Part 156: Standards


I was mooching around my new hometown the other day, scraping my heels along the pavement and making suggestive eye contact with hot passers-by, when I overheard two (very) posh young women, draped in Egyptian cotton and gladiator sandals (I’m presuming they were on their way to a toga party, having not yet learned that fancy dress is undignified – but we can forgive them, they were under 25) discussing the dating game – as all young women are wont to do from time to time, regardless of wealth or social class.

‘My number one rule,’ said the first girl, flicking her heavy, honey-coloured hair over her shoulder and running her tongue suggestively over her perfect, even teeth, ‘is never date a man with change in his pockets.’

‘Of course, darling,’ laughed her mate, who had the same honey-blonde hair and straight, ice-white smile. ‘That’s cardinal.’

And off they traipsed, presumably to fuck men who only pay with £50 notes or a Coutts Silk card.

I’ve been thinking about these young women quite a bit this past week. As I age (imperceptibly to the human eye, but with an alarming inner-acceleration that means I feel somewhere in my late 40s, despite having barely cleared a third decade), I often come over all maternal and worldly whenever I hear younger women discussing their love lives. If there is anything to be said for a decade of being single, it is that it gives one significant experience from which to offer romantic advice. And from my perspective as a more mature lady – who has definitely, if not exclusively, dated men with change in their pockets – I want to say this to any young women who might be reading: darlings, don’t dismiss a man out of hand because of trivial, surface concerns, such as whether he has a job, or career prospects, or any money to speak of (if you have reached the age of 26 and are still looking for someone else to complete you in a financial and social status sense, you are going to end up very miserable, somewhere along the line). Yes, he might carry change in his pockets, but he might also have a massive dick. Or incredible cheek-bones. Or he might enjoy watching 30 Rock on a Saturday morning, and then having sex with you, very slowly, before going home. There are things in life other than money. And if I have learned one thing I have learned that he’ll always have something to compensate for his perceived flaws. Because humans are complex and surprising and capable of wonders that might not be immediately obvious, especially if you begin by dowsing them with your social prejudices.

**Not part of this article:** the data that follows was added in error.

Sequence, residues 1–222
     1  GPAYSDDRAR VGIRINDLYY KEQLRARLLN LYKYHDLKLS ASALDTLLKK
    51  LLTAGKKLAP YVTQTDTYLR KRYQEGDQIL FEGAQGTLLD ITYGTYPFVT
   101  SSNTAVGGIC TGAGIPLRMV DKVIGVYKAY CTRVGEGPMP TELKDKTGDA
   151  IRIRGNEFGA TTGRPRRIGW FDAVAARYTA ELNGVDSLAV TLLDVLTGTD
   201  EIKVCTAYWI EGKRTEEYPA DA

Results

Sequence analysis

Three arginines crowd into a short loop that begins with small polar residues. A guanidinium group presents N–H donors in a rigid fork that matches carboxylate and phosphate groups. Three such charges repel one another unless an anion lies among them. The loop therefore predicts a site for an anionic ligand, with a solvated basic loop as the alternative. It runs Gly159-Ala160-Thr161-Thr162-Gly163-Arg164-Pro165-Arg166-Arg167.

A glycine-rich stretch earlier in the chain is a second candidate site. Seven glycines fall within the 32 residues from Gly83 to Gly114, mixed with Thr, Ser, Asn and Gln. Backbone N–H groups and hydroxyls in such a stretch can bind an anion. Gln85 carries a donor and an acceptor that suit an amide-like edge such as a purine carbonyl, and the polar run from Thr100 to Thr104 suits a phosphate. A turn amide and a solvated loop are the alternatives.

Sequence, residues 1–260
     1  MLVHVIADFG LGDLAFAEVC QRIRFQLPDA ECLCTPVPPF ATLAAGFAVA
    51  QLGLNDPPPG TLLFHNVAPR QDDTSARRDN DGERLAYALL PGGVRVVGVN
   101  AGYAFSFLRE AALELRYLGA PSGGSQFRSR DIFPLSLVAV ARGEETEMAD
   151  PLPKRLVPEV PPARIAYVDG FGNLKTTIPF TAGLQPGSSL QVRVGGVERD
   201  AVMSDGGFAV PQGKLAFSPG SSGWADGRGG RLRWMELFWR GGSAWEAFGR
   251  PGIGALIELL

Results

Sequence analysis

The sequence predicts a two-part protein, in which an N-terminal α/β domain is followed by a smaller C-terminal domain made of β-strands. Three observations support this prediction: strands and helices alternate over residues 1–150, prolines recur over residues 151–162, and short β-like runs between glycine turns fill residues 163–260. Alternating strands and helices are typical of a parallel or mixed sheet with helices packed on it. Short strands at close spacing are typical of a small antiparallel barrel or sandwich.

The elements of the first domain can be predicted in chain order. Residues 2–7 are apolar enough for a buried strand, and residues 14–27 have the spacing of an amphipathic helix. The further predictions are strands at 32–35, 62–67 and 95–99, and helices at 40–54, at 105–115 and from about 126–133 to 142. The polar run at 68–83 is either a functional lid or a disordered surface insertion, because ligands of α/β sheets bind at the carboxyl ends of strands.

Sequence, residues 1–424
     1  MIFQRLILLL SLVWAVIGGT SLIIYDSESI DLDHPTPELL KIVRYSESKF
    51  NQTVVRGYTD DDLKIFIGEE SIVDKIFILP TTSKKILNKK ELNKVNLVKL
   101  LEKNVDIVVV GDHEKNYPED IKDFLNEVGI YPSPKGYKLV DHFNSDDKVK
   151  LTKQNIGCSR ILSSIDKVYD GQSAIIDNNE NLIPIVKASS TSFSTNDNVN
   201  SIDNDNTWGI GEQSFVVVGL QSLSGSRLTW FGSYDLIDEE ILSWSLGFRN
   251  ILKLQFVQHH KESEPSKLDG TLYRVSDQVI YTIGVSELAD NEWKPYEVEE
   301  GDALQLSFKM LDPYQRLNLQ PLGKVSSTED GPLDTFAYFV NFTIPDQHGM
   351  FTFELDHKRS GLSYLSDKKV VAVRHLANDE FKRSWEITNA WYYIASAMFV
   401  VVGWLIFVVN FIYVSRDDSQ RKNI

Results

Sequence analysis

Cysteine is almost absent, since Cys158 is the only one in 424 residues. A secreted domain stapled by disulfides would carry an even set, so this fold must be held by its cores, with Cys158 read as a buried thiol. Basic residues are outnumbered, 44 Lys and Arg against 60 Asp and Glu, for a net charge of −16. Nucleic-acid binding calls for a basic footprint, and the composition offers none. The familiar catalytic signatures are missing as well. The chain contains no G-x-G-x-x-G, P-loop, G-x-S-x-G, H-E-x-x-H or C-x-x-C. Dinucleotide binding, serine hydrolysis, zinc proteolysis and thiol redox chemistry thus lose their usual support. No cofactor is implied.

Weighing oneself down with invisible ‘standards’ by which to evaluate potential love interests is very unwise. Romantic partners are not a corporate hotel chain. Rigid conformity to arbitrary social and cultural mores is not an indication of anything at all, expect, possibly, blandness. Yes, you’ll want him hygienic, and yes you must, of course exit, at all costs, at the first sign of any violent or abusive behaviour – however hard that might be. But your only other criteria should be whether he turns you on and how promptly he answers text messages (there is a very delicate balance between too soon and too late. Artistry in this regard must not be underrated.)

This is why, to my mind, internet dating is a flawed concept. The notion that a man might, with the tick of a box, dismiss me because I’m shorter than 5’5, wear my hair in a pixie crop and list ‘theatre’ under ‘hobbies and interests’, is enough to make me suspicious of the whole game. As if the corporatisation of our base desires wasn’t off-putting enough, all by itself.

Chemistry is the thing – and timing. And if turns out terribly, at least, with change in his pockets, he’ll have bus fare home.

*Image called something like ‘British Coins’ from, as usual. (Am I the only one who credits my photo sources? Should I be doing this? Might I get sued if I stop? This is a concern now that I have a little money to speak of – although my income from the blog remains, happily, zero.)

Part 155: Abz Love

I wasn’t bothered about boy bands as a teenager. They weren’t really my vibe. I can’t recall exactly what my vibe was, if I’m honest. You’ll have to ask someone who smoked fewer drugs. If I was into anything it was fuelling my antagonism with weed and whisky, and avoiding questions about the state of my virginity. So I didn’t know about Abz Love, the rapper from 90s boy band 5ive, until recently, when I watched a documentary called Abz on the Farm, in which he moves to a smallholding with his girlfriend, Vicky. (Vicky, by the way, is utterly delightful. She has thick, black luxury hair, pouty lips and the deep, husky voice I once hoped smoking would help me develop. She is the kind of woman I wanted to be when I grew up, but who I am, sadly, nothing like. I’m I trying my hardest not to hate Vicky. It isn’t working.)